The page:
This blog post has detailed instructions on how to file FBAR electronically.

Need assistance filing FBAR?

If you have any questions about your FBAR filing requirements or need help preparing FinCEN 114, please contact us.

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  • James Smith

    But what if I, a US citizen living outside the US, am married to a foreign national who has no IRS tax ID, no SSN, who has never filed any US taxes, and whose foreign bank accounts are in her name alone (i.e., not a “joint” account)? In that case, assuming I have no accounts in my name nor any joint accounts overseas, it would seem that I as a US citizen am under no obligation to fill out the FBAR or Form 8938, correct?

    Furthermore, if a US citizen has been living outside the us for many years (nearly 20 years, for example) and who each year has been faithful in reporting his income via 1040 and 2555, but not FBAR or 8938 because he did not know of their requirement until recently, what would transpire if he suddenly started filing them on foreign bank accounts he had financial interest in?

    Reading through some posts on this subject in online forums show tales of horror about how US citizen are trying to do the right thing when they learn of filing requirements, only to be hit with huge fines of $10,000 and more. Some US citizens are even revoking their US citizenship over the matter, to ensure they are not hit with fines. It’s quite frightening and sad too seeing that most US citizens living abroad want to do the right thing when it comes to their taxes.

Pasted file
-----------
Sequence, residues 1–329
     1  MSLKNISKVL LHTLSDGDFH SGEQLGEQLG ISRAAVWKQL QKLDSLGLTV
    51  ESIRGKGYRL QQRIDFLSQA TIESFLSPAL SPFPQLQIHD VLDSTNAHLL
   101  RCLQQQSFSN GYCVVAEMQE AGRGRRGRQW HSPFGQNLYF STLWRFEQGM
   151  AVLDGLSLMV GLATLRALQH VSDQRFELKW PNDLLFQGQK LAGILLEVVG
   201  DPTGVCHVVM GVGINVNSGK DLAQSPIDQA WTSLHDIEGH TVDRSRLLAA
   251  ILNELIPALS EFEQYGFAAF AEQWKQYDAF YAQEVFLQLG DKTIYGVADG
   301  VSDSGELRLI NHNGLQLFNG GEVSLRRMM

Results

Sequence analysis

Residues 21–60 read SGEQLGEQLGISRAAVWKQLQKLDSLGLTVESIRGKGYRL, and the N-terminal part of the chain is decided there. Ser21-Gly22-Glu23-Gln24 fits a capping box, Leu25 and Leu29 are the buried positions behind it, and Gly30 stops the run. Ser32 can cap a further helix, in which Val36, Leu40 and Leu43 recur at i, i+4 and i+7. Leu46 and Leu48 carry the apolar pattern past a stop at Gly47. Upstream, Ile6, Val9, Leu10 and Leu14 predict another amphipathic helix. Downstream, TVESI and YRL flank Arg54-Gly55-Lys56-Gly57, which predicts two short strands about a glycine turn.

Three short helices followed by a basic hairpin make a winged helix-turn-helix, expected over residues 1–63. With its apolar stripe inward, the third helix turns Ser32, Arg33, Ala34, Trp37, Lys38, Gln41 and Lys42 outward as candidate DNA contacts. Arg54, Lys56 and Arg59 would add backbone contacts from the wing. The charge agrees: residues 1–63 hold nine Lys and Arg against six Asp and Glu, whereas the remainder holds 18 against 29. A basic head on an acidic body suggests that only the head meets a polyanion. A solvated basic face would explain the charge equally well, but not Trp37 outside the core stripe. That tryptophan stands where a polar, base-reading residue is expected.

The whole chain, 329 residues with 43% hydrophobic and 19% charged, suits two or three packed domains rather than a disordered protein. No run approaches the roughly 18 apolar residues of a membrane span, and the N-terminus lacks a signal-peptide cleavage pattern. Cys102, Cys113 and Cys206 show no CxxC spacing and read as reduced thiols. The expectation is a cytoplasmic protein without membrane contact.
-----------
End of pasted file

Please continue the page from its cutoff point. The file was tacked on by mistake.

Thank you.

    • Greenback

      Hello James,

      Thanks for getting in touch, we hope you enjoying the website!

      With regards to your message, if you have no financial accounts (joint or otherwise) that total over 10k, then you do not need to file an FBAR. Please note though that the FBAR is based on the total in all accounts. As such, if you have three accounts with 4K in each, then you will be required to file an FBAR for those three accounts.

      As your wife has no US liability, there is no need for her to file an FBAR.

      As far as getting caught up on your FBAR’s (if you have never filed one before), you would have to file the last six years to be considered up to date. Fortunately, we have caught up hundreds of clients on their FBAR’s and have yet to see any penalties. We have found the Treasury to be very forgiving for those who honestly did not know they had a filing obligation (and have come forward voluntarily).

      I hope this helps! If you have any additional questions, or would like to discuss this further, you may also contact us directly at info(at)

      Tabitha Paddock
      Greenback Customer Champion

  • Greenback Expat Tax Services

    Hello US Tax,

    Thanks for getting in touch, we are glad you are enjoying the site!

    With regards to your message, in a worst case scenario such as that, unfortunately the penalties would be assessed on the 100K as that is the balance of the account.

    The good news is that we have yet to see those type of penalties surface for the everyday expat who simply did not know of their obligation to file.

    I hope this helps!

    Tabitha Paddock